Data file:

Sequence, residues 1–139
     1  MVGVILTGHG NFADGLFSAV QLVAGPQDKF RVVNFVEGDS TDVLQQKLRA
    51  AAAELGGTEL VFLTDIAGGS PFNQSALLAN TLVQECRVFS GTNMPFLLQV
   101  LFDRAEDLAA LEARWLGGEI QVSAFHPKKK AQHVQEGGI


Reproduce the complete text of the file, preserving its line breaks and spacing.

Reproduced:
Sequence, residues 1–139
     1  MVGVILTGHG NFADGLFSAV QLVAGPQDKF RVVNFVEGDS TDVLQQKLRA
    51  AAAELGGTEL VFLTDIAGGS PFNQSALLAN TLVQECRVFS GTNMPFLLQV
   101  LFDRAEDLAA LEARWLGGEI QVSAFHPKKK AQHVQEGGI